Sunday, July 24, 2011

Emily and Einstein by Linda Francis Lee

I struggled to come up with an honest description of Emily and Einstein by Linda Francis Lee because I sort of liked it, but was also sort of mad at it because it didn’t pan out to be everything I wanted it to be (although I would also struggle to tell you why). So here you go. It was a sweet little book.

Emily is a too nice gal from modest origins married to Sandy, a despicable guy from old money. A cliché. Sandy steps off the curb in New York City where they live, gets hit by a bus, dies and comes back as an injured dog that is sent to a pound where he is nursed back to health and eventually adopted by a volunteer at the pound, his wife, Emily. Not a cliché, although it seems everyone is writing dog books. Who doesn’t have a special place in their heart for unconditionally loving canines? The theme of a husband dying and coming back as a dog, Einstein, was titillating, but Sandy/Einstein was such a terrible person and dog, I eventually found myself wanting him to run out into the street again.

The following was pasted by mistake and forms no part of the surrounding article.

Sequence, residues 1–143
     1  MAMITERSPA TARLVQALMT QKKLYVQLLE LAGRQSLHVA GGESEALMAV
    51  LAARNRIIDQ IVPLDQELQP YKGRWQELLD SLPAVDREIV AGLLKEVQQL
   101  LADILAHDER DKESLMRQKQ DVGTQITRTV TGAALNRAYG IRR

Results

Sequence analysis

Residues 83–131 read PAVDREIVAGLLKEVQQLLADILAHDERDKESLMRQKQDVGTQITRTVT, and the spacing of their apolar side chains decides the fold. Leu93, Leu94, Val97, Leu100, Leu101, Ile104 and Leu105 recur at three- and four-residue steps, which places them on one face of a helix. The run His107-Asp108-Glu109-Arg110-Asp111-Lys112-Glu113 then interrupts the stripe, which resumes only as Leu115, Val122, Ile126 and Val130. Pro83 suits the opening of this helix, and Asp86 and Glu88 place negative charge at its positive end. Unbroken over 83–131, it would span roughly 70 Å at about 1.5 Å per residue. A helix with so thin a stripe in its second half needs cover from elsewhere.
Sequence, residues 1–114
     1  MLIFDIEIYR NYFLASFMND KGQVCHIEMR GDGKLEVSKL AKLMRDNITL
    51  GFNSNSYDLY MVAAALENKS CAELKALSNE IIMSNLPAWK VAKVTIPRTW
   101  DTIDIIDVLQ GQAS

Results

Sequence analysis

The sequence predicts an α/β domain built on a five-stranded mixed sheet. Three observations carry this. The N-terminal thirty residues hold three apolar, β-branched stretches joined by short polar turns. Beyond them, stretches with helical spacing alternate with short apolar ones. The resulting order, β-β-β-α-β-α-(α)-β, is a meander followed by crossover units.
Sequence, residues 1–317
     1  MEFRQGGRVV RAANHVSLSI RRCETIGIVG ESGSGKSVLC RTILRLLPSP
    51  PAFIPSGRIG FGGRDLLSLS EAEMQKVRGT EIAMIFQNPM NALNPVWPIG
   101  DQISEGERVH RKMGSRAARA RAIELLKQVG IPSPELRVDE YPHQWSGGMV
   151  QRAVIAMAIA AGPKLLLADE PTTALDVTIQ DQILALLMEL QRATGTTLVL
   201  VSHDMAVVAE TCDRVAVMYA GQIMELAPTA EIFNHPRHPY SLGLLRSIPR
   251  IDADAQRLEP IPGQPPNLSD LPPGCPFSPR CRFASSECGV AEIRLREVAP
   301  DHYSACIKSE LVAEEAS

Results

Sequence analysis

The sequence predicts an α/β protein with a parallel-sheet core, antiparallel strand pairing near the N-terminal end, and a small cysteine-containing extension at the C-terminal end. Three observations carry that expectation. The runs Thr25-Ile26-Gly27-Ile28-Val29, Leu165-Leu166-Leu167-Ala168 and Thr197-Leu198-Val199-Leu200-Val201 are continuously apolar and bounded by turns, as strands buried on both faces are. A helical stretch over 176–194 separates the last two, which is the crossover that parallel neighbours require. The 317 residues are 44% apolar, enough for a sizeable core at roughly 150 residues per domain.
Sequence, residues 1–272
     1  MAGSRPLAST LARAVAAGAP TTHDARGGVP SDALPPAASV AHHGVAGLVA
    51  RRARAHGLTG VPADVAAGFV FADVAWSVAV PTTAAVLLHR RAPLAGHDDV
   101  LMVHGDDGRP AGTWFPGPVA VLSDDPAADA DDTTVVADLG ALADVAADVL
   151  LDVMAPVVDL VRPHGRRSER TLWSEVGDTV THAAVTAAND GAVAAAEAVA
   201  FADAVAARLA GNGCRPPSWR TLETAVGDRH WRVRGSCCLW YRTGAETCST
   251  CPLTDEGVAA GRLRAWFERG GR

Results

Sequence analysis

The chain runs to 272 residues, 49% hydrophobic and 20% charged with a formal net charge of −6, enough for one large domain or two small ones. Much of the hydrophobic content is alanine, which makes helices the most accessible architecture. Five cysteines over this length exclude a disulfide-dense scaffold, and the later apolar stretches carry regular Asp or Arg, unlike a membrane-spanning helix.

The apple doesn’t fall far from the tree, and Sandy/Einstein’s “e-ville” mom hardly waits for the dirt to settle on her son’s grave before she begins eviction proceedings to get her daughter-in-law thrown out of her son’s apartment at the famous Dakota building. OMG, I can’t tell you how any times I’ve stood outside the Dakota and imagined myself living there, in an apartment overlooking Central Park of course.

Sandy has come back as a dog because, in some weird supernatural situation I could never seem to understand, he must make amends to Emily for being such a shit before he can go to heaven or wherever. That whole theme is never explained to my satisfaction, or perhaps I zoned out when author, Lee (photo below), explained.

Enter the whacky sister, a wad of really mean people, and the man of Emily’s dreams, all of which felt way too predictable. Of interest was Emily’s mother, a famous feminist and activist. There were also some women in the book who tied interestingly back to Emily’s mom. Those parts of the story always drew me back into the book but weren’t developed enough to keep my attention for long.

So how did the story end? Well how do you think? These types of books don't end sadly, so I’m sure you can figure it out.  Need a lite, well-written summer read - very light? Here’s your book. 

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